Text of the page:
Beyond the Leader: Looking at Grassroots Reasons for the Rise of Illiberalism


As Europe and the United States prepare themselves to see a rise of far-right and illiberal parties gaining a large share of the votes at the June and November 2024 elections, Marlene Laruelle explored the grassroots reasons for this rise of illiberalism.

Moving beyond the usual explanations of electoral politics and populist rhetoric, she engaged with the deeper transformations of our societies in terms of their relationship to time and space, socioeconomic transformations, the impact of media ecosystems, the polarization of values and culturalization of citizenship, as well as the rise of illiberal grassroots cultures.

The existence of such cultures contributes to the mainstreaming of illiberalism and therefore to a new cultural normal that may over time facilitate the legitimization of illiberal political projects and policies.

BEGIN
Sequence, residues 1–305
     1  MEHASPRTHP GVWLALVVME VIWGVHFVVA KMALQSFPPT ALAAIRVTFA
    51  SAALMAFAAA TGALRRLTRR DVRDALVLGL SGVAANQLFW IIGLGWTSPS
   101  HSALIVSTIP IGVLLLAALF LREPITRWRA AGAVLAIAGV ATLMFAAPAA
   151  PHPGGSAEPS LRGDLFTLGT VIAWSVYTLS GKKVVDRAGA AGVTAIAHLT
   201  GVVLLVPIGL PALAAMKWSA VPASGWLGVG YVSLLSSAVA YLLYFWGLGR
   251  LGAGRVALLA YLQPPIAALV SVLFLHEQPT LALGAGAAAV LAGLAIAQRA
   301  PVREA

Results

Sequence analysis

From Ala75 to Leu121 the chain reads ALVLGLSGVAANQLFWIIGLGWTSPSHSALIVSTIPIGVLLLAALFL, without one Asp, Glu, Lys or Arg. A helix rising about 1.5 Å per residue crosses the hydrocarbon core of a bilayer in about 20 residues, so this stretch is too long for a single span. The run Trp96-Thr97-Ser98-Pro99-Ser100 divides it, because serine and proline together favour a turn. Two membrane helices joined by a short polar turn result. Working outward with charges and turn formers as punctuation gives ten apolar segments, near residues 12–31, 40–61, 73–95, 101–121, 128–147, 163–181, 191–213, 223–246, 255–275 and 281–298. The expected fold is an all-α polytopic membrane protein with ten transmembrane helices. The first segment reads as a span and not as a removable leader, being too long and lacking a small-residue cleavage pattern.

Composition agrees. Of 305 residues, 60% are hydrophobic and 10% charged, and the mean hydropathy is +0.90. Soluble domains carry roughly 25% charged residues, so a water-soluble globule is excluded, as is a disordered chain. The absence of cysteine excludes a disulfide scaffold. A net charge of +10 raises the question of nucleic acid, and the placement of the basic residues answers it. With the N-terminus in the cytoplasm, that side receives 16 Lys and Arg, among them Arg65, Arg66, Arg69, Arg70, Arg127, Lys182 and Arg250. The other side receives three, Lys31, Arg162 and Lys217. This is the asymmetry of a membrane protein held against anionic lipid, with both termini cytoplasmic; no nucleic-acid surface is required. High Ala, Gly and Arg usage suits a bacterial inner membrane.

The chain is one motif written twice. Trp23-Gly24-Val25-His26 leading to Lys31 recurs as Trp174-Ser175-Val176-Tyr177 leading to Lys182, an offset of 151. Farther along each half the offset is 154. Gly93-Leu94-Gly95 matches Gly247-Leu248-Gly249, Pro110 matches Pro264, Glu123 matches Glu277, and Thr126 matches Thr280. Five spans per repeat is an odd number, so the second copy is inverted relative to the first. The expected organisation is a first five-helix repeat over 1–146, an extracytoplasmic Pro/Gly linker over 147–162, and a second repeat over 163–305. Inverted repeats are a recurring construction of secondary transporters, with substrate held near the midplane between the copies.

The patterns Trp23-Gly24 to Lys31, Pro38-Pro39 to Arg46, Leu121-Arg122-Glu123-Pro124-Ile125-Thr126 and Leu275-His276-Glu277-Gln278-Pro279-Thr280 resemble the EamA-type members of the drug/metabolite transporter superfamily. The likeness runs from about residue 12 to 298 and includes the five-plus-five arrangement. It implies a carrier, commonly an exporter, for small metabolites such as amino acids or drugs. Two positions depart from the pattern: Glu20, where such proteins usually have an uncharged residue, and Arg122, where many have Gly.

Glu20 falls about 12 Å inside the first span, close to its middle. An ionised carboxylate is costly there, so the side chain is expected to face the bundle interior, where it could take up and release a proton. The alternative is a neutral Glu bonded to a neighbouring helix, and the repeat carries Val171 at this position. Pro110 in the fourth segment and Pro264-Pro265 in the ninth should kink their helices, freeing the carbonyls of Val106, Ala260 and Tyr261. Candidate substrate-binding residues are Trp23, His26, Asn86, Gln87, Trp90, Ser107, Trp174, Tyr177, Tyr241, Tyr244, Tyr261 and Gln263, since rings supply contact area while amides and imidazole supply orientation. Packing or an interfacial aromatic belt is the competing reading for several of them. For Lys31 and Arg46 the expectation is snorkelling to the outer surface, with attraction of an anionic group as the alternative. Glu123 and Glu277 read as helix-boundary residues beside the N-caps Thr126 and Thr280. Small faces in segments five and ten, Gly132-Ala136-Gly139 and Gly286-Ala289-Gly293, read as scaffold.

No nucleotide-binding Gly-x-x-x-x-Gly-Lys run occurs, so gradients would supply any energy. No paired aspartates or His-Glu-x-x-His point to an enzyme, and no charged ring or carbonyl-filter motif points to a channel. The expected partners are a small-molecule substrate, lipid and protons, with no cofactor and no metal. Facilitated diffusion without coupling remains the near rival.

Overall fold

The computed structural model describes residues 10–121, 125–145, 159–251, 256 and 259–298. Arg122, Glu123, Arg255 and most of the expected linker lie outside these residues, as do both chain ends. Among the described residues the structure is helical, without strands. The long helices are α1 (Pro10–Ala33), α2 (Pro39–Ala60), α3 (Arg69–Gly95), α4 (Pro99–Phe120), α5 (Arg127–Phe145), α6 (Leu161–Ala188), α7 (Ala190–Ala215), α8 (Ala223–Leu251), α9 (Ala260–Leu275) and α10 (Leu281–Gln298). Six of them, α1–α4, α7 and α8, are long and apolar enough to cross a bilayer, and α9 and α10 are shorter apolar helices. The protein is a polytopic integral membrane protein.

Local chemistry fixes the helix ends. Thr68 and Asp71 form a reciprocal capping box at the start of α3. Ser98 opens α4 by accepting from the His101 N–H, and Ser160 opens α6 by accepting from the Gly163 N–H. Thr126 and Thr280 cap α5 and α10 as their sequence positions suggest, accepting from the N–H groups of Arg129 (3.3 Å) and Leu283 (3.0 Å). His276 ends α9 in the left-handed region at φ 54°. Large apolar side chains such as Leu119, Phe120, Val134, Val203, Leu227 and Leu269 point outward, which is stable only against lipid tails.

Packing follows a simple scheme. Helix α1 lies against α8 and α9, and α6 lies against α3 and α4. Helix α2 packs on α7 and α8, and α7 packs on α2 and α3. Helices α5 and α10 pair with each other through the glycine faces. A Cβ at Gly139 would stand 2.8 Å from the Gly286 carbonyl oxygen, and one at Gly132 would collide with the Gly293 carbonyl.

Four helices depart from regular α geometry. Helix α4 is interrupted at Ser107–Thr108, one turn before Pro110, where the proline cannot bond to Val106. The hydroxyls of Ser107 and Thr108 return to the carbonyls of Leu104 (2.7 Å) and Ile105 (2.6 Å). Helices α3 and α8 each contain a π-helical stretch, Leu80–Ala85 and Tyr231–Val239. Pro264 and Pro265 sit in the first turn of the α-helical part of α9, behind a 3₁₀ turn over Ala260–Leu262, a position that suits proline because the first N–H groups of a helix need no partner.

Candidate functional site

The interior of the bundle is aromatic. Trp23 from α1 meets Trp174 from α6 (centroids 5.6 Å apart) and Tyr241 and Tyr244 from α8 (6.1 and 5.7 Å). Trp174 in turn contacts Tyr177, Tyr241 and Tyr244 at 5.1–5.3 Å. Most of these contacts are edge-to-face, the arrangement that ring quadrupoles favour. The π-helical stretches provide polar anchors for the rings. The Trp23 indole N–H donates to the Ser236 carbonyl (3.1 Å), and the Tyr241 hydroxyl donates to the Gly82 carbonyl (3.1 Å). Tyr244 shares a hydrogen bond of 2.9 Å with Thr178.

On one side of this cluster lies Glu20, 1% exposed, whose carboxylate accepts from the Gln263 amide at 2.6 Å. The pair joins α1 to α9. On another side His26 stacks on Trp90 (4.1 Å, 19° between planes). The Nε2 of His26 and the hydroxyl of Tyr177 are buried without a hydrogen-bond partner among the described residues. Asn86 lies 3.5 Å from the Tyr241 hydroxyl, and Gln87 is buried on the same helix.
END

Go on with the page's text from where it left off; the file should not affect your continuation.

Marlene Laruelle is a Research Professor of International Affairs and Political Science at the George Washington University, where she is also the Director of the Illiberalism Studies Program. Her expertise covers the emergence of populist and illiberal movements in post-Soviet Eurasia, Europe, and the United States. She also studies the transformation of nationalist and conservative ideologies in Russia. Her most recent publication is entitled Is Russia Fascist? Unravelling Propaganda East West. In her latest work, currently in the writing stage, Marlene Laruelle explores what she calls "Russia’s ideological grammars"; that is, the overarching frameworks of legitimacy through which one apprehends the world.

Ludger Hagedorn, IWM Permanent Fellow, introduced the speaker and moderated the Q&A with the audience.